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Businesses Music The Internet

Universal To License Music To SoundCloud In Streaming Deal (thestack.com) 49

An anonymous reader writes: Universal Music Group has agreed to license its music to online audio platform SoundCloud – a major step for the popular startup, which has struggled to receive legitimate recognition in the industry. SoundCloud will enjoy access to Universal material, including work from top global artists signed to the label such as Adele, Taylor Swift and Kanye West. Conversely Universal will be able to access SoundCloud's advertising, analytics and data tools with the aim of increasing revenue streams and bolstering fan/artist engagement.
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Universal To License Music To SoundCloud In Streaming Deal

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  • by meeotch ( 524339 ) on Wednesday January 13, 2016 @09:44PM (#51297651) Homepage

    top global artists signed to the label such as Adele, Taylor Swift and Kanye West

    ...and nothing was gained.

    • by PPH ( 736903 )

      top global artists signed to the label such as Adele, Taylor Swift and Kanye West

      And now you understand how the Norks feel about listening to KPop blasting on loudspeakers all the time.

    • top global artists signed to the label such as Adele, Taylor Swift and Kanye West

      ...and nothing was gained.

      Who are these people and why are they on my lawn?

  • by Anonymous Coward

    Although, considering the music coming out these days, I've already got all I need.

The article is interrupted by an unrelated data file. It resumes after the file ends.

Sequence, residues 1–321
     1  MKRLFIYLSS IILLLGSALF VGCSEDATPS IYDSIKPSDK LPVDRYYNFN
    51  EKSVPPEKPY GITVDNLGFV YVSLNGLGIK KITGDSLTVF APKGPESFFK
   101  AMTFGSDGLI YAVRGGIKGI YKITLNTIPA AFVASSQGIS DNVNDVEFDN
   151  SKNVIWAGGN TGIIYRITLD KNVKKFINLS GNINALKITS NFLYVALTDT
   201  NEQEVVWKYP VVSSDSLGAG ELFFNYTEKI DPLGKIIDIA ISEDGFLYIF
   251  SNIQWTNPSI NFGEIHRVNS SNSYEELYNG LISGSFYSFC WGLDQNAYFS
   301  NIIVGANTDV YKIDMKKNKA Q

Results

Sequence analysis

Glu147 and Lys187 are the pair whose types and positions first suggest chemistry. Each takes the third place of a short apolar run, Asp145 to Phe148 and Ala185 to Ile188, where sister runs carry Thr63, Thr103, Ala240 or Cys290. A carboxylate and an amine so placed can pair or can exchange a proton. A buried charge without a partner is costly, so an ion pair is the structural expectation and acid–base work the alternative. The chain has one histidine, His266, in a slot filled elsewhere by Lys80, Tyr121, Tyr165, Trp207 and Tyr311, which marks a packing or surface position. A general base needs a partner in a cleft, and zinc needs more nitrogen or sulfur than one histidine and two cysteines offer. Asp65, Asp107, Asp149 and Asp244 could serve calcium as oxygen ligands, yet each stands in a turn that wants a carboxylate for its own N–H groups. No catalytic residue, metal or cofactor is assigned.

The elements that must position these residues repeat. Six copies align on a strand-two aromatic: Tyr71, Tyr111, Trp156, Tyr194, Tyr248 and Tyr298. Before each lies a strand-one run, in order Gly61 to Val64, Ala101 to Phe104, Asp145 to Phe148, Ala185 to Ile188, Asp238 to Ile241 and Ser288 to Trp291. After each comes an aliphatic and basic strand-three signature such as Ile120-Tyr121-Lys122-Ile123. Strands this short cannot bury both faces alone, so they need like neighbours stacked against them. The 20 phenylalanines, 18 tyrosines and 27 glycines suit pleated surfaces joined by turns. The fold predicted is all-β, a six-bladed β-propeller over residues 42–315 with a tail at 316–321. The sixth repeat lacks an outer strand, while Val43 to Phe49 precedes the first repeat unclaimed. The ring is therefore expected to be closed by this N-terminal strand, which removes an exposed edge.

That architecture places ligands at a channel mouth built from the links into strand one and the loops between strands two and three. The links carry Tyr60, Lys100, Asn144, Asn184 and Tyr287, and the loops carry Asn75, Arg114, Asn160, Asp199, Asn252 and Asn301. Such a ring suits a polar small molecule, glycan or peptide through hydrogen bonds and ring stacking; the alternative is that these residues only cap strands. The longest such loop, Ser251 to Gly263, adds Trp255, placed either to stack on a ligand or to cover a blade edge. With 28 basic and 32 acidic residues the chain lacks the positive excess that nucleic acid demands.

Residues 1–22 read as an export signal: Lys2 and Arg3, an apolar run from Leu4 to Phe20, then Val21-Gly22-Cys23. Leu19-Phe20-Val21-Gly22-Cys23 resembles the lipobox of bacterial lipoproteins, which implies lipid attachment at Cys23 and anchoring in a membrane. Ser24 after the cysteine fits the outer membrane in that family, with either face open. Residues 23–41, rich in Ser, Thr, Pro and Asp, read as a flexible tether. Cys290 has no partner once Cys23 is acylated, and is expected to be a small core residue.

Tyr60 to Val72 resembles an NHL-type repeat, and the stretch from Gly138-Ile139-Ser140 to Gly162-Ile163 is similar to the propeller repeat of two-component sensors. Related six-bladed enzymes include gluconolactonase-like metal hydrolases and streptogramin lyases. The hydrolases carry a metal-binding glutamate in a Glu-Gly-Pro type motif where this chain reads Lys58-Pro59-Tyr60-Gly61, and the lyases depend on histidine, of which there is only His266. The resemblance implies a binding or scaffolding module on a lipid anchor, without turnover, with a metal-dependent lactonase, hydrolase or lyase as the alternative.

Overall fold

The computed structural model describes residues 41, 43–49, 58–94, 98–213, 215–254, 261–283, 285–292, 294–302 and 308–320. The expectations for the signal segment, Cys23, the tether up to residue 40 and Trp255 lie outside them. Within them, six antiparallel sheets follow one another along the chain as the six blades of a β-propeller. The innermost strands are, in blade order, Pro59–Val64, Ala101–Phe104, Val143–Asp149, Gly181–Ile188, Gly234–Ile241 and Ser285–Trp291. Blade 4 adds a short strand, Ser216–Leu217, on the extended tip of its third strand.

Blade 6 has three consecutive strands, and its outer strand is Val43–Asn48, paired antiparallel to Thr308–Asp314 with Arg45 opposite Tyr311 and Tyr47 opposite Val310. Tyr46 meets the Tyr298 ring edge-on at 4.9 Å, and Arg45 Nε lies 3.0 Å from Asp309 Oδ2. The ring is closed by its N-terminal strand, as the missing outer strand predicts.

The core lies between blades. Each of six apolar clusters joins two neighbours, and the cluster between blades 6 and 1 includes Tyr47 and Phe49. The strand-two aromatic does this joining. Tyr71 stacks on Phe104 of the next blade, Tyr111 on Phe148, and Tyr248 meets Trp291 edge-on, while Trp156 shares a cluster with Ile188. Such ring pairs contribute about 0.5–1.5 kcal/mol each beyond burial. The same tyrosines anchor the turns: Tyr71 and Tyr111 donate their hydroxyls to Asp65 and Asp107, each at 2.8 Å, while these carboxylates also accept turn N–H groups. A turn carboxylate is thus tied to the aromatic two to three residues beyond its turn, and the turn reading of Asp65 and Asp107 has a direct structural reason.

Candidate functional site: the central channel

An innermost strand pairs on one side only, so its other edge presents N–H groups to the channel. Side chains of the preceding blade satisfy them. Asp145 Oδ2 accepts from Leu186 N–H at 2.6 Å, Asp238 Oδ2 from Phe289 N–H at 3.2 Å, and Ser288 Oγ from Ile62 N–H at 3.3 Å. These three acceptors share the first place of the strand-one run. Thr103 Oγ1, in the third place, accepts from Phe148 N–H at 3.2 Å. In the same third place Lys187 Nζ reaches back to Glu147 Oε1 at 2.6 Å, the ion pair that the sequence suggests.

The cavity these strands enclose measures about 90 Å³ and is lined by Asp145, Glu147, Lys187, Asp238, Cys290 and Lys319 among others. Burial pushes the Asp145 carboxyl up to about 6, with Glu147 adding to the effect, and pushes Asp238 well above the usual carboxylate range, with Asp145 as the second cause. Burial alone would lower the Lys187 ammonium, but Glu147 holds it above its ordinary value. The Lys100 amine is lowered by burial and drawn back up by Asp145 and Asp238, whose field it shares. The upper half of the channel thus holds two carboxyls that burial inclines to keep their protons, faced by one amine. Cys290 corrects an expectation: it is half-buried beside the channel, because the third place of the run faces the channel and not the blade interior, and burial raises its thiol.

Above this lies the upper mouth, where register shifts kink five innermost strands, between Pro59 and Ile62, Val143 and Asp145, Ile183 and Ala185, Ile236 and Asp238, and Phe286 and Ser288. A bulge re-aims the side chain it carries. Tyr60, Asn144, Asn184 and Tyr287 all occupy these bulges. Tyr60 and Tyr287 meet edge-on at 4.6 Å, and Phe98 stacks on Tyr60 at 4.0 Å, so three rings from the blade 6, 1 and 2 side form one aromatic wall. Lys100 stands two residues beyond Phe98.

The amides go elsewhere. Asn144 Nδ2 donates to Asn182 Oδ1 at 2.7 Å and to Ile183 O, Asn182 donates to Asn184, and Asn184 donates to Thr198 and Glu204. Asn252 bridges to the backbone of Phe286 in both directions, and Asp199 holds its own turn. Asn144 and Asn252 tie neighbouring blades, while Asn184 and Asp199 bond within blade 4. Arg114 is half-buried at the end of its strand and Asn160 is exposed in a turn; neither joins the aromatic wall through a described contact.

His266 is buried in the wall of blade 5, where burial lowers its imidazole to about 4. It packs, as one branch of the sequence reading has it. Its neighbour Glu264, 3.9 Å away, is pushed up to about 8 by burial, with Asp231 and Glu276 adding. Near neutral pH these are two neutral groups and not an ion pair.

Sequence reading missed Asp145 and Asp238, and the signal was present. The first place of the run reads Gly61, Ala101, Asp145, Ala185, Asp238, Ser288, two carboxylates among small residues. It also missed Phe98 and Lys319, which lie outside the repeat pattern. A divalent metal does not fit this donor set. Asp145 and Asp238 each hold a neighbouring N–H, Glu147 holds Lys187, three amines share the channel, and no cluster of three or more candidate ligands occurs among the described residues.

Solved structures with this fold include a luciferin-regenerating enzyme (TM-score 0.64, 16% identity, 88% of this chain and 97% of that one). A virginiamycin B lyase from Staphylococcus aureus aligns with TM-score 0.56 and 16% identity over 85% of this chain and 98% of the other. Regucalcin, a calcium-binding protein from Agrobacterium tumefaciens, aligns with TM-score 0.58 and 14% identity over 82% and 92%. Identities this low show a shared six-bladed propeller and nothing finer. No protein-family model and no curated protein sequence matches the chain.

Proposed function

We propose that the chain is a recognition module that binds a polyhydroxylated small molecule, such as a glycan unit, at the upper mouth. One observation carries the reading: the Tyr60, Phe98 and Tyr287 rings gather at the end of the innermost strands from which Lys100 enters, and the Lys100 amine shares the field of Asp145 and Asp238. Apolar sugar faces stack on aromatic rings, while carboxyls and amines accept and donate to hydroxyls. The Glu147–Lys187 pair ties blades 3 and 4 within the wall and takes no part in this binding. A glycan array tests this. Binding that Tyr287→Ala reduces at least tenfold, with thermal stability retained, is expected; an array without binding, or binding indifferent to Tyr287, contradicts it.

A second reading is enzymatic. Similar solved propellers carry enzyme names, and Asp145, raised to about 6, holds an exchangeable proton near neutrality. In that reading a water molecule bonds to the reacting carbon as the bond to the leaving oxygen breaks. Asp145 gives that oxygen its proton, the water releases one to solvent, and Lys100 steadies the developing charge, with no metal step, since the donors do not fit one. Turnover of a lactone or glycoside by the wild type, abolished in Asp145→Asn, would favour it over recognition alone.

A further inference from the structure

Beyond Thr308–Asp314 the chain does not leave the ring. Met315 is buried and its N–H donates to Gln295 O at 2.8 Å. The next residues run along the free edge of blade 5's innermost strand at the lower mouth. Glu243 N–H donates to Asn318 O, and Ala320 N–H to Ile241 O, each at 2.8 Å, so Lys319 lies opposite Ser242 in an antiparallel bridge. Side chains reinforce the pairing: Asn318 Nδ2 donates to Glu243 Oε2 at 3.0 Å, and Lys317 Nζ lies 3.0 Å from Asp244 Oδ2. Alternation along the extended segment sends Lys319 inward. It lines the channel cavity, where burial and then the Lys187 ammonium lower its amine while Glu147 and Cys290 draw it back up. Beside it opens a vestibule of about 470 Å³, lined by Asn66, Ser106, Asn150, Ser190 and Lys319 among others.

• The idea of "legitimate recognition in the industry" is ludicrous. Soundcloud is the new music industry, or at least the face of what is to come. It's a huge gamechanger because artists take their content straight to Soundcloud with very little overhead and no gatekeepers, and they can reach fans directly. I'm a huge music person, and I rarely ever have to leave Soundcloud to stay entertained. There's a huge number of very talented people and good content. I don't listen to pop music or the radio, and I'm
    • wishing doesn't pay the bills. Soundcloud has decided their current audience is not enough.
    • artists take their content straight to Soundcloud with very little overhead and no gatekeepers

      I thought the gatekeepers were the traditional music publishers. A music publisher differs from a record label in that a record label owns copyright in a recording (as embodied in a CD), while a music publisher owns copyright in the underlying musical work (as embodied in sheet music). There are millions of existing musical works, with BMI alone controlling a repertory of over nine million, and only so many possible hooks in the seven notes of the scale. (Proof available on request.) So when an artist write

      • by Kjella ( 173770 )

        So when an artist writes and records a piece of music and uploads it to SoundCloud, what steps is the artist supposed to have taken to ensure that his song doesn't accidentally infringe copyright in one of the millions of existing songs? I ask because I compose music, am considering seeking extra exposure through SoundCloud, and want to limit my liability in cases of accidental infringement. Has anyone heard from a lawyer on this?

        What do you expect a copyright lawyer to say? It's like asking a patent lawyer how you can be sure your invention doesn't infringe on any of the millions of patents out there - and they are all at least publicly available. He'd probably tell you it'd be a very long and very expensive search through convoluted legalese that wouldn't guarantee anything anyway. With copyrighted works there isn't even a repository to compare with, so I don't see there's anything you can do to truly avoid it. Even if someone off

        • by jbengt ( 874751 )

          . . . what steps is the artist supposed to have taken to ensure that his song doesn't accidentally infringe copyright in one of the millions of existing songs? . . . Has anyone heard from a lawyer on this?